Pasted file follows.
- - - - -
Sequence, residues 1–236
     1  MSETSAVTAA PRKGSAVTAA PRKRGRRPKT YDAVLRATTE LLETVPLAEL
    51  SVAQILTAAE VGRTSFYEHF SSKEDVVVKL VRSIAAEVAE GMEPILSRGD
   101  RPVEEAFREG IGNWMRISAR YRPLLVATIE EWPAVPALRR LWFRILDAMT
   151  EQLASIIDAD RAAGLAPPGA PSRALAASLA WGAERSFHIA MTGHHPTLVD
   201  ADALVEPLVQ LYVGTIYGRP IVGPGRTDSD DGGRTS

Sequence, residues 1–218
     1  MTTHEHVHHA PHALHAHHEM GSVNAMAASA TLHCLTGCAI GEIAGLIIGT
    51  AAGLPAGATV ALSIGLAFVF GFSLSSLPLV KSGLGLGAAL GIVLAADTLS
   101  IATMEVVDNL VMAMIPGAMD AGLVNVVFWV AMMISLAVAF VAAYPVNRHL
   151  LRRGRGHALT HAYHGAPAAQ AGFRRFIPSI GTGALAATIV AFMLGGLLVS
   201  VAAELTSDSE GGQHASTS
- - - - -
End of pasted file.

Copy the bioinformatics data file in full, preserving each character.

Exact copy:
Sequence, residues 1–236
     1  MSETSAVTAA PRKGSAVTAA PRKRGRRPKT YDAVLRATTE LLETVPLAEL
    51  SVAQILTAAE VGRTSFYEHF SSKEDVVVKL VRSIAAEVAE GMEPILSRGD
   101  RPVEEAFREG IGNWMRISAR YRPLLVATIE EWPAVPALRR LWFRILDAMT
   151  EQLASIIDAD RAAGLAPPGA PSRALAASLA WGAERSFHIA MTGHHPTLVD
   201  ADALVEPLVQ LYVGTIYGRP IVGPGRTDSD DGGRTS

Sequence, residues 1–218
     1  MTTHEHVHHA PHALHAHHEM GSVNAMAASA TLHCLTGCAI GEIAGLIIGT
    51  AAGLPAGATV ALSIGLAFVF GFSLSSLPLV KSGLGLGAAL GIVLAADTLS
   101  IATMEVVDNL VMAMIPGAMD AGLVNVVFWV AMMISLAVAF VAAYPVNRHL
   151  LRRGRGHALT HAYHGAPAAQ AGFRRFIPSI GTGALAATIV AFMLGGLLVS
   201  VAAELTSDSE GGQHASTS